Do This: Bean Bag Toss

Entertaining a toddler on a stuck-inside-rainy-day can be a challenge. Stack a few of those days in a row and, well, you have to reach a little deeper to find things to do.

Enter the cardboard box.

If you are feeling particularly lazy (or busy) all you really have to do is give the box to the little one. They will figure something out. Cardboard boxes are amazing that way. Magic, almost.

But, if you have a moment and an exacto knife, you can take the old-fashioned cardboard box up a notch to make a simple bean bag toss game. Like so:

Materials

  • Cardboard Box
  • Exacto Knife
  • Marker
  • Yard Stick
  • Bean Bags

Directions

  • Take your cardboard box and lay it on its’ side.

  • Using a yard stick and your marker, draw a line from corner to corner on one side of the cardboard box.

  • Do the same on the opposite side of the box. Make sure the lines start and end in the same corners.

  • Use your exacto knife to cut along the line on both sides of the box. Careful here.

  • Now the box will open, like this:

  • See where I drew the line in this picture? That’s where you’ll cut with your exacto knife again.

  • Now you should have a ramp shaped box.

  • Draw the shape(s) that you want your holes to be for the bean bag toss.

  • Cut them out with your exacto knife again. (LOVE!! the exacto knife!)

  • Pull out your bean bags or pom poms or other small throwing toys and give it a go.

Given that our bean bag toss (“throwing toy” as Ewan calls it) is most definitely face-shaped, I’ve been wanting to decorate it. Maybe on the next rainy day that’s what we’ll do…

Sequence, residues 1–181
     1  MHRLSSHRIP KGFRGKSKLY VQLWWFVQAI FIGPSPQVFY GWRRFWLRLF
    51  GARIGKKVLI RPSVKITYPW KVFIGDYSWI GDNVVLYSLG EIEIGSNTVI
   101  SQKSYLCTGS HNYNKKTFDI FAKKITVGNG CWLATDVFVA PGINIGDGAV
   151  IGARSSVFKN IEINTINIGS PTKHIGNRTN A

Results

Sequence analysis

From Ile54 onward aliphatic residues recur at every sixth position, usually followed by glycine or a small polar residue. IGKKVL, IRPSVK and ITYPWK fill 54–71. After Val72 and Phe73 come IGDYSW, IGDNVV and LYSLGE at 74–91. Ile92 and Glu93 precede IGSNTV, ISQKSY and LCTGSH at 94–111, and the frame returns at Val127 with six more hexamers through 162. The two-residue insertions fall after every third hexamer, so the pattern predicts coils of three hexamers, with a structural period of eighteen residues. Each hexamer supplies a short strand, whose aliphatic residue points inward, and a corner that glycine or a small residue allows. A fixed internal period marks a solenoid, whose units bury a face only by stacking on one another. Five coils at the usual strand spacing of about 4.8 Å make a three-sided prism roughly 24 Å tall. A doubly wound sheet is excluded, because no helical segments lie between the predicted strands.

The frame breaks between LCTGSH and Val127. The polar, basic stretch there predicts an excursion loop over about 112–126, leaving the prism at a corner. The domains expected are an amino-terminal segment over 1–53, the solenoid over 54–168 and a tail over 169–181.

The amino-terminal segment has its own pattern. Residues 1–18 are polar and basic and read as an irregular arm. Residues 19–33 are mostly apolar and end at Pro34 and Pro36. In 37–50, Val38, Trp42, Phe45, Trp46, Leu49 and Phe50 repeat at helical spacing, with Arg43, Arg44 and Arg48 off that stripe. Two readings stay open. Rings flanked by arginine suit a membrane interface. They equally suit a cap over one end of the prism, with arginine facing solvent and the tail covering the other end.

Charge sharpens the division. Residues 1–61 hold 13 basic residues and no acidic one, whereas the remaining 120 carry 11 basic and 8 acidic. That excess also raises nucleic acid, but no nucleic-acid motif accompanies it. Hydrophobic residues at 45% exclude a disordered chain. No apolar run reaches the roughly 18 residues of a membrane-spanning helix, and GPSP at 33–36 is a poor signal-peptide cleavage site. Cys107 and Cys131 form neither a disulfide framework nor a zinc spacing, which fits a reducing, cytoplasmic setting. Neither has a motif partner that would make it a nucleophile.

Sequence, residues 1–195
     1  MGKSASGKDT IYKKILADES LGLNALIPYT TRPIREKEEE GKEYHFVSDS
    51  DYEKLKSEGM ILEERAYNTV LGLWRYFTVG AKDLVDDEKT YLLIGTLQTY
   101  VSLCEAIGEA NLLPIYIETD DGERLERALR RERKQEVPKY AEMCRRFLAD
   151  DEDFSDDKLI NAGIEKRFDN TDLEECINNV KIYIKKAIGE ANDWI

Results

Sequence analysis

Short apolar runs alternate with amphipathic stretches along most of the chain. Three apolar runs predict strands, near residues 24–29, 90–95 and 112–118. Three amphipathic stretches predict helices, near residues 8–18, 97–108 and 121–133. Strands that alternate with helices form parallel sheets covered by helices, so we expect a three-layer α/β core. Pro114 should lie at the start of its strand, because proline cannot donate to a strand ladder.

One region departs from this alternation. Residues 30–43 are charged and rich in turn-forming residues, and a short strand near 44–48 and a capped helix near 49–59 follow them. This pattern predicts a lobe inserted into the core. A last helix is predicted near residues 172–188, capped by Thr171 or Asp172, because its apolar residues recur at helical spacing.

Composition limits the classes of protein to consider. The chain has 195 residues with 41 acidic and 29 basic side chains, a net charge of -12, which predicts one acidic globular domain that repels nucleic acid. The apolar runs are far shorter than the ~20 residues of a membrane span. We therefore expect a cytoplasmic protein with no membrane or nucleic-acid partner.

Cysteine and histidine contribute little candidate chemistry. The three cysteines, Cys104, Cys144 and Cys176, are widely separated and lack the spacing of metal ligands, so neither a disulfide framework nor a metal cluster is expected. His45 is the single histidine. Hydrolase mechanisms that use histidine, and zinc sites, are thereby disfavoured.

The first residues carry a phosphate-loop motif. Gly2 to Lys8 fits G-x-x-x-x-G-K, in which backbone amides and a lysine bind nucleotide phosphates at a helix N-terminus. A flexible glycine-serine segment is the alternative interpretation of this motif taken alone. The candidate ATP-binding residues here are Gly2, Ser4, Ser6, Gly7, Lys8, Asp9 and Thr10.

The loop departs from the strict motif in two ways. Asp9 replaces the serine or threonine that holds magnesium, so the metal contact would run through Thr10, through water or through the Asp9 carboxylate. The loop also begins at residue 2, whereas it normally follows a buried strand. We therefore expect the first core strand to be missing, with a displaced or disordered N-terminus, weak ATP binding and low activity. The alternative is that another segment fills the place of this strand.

Share

Make This: Envelope Back Cushion

Before the babe, we did a little sprucing up of an otherwise unused area of our living room. We wanted to make a floor level playspace that could also be shared by adults. A space where I could sit and nurse (or craft) while Ewan played and Xander did what babes do. A space that could help us to meet the needs of our growing family.

While kids aren’t terribly picky about sitting on the floor, adults tend to need something a bit softer to invite them to come and stay awhile. Enter the large cushion. Within a day of setting up the new space it was obvious that a few cushions were needed. It didn’t take me long to reach into the fabric stash, pick out something appropriate and get sewing. We love the cushions and, if you are so inclined, you can make a few of your own!

Here’s how:

Materials

  • Fabric (I used 1-yard for two 27-inch cushion covers)
  • Pillow
  • Sewing Machine
  • Iron
  • Pins
  • Thread